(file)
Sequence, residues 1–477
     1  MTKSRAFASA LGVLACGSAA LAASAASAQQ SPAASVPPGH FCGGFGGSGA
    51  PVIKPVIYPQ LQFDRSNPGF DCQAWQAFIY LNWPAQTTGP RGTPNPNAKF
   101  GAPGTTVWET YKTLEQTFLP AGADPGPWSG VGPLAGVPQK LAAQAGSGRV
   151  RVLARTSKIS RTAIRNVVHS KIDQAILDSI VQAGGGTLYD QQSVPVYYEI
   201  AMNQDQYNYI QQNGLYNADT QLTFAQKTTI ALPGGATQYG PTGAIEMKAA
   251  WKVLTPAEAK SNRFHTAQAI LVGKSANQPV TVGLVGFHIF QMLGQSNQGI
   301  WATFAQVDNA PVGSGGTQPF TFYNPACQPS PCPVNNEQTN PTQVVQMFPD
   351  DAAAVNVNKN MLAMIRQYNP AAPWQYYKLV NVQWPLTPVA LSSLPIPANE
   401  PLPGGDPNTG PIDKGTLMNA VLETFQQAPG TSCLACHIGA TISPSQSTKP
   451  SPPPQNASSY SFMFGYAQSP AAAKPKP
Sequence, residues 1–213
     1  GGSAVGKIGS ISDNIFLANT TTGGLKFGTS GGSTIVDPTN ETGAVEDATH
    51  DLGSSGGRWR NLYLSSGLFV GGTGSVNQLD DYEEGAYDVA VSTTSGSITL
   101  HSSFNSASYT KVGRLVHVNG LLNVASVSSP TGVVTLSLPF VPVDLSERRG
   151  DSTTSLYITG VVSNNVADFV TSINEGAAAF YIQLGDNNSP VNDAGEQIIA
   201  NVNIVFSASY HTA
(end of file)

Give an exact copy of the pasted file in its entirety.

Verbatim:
Sequence, residues 1–477
     1  MTKSRAFASA LGVLACGSAA LAASAASAQQ SPAASVPPGH FCGGFGGSGA
    51  PVIKPVIYPQ LQFDRSNPGF DCQAWQAFIY LNWPAQTTGP RGTPNPNAKF
   101  GAPGTTVWET YKTLEQTFLP AGADPGPWSG VGPLAGVPQK LAAQAGSGRV
   151  RVLARTSKIS RTAIRNVVHS KIDQAILDSI VQAGGGTLYD QQSVPVYYEI
   201  AMNQDQYNYI QQNGLYNADT QLTFAQKTTI ALPGGATQYG PTGAIEMKAA
   251  WKVLTPAEAK SNRFHTAQAI LVGKSANQPV TVGLVGFHIF QMLGQSNQGI
   301  WATFAQVDNA PVGSGGTQPF TFYNPACQPS PCPVNNEQTN PTQVVQMFPD
   351  DAAAVNVNKN MLAMIRQYNP AAPWQYYKLV NVQWPLTPVA LSSLPIPANE
   401  PLPGGDPNTG PIDKGTLMNA VLETFQQAPG TSCLACHIGA TISPSQSTKP
   451  SPPPQNASSY SFMFGYAQSP AAAKPKP
Sequence, residues 1–213
     1  GGSAVGKIGS ISDNIFLANT TTGGLKFGTS GGSTIVDPTN ETGAVEDATH
    51  DLGSSGGRWR NLYLSSGLFV GGTGSVNQLD DYEEGAYDVA VSTTSGSITL
   101  HSSFNSASYT KVGRLVHVNG LLNVASVSSP TGVVTLSLPF VPVDLSERRG
   151  DSTTSLYITG VVSNNVADFV TSINEGAAAF YIQLGDNNSP VNDAGEQIIA
   201  NVNIVFSASY HTA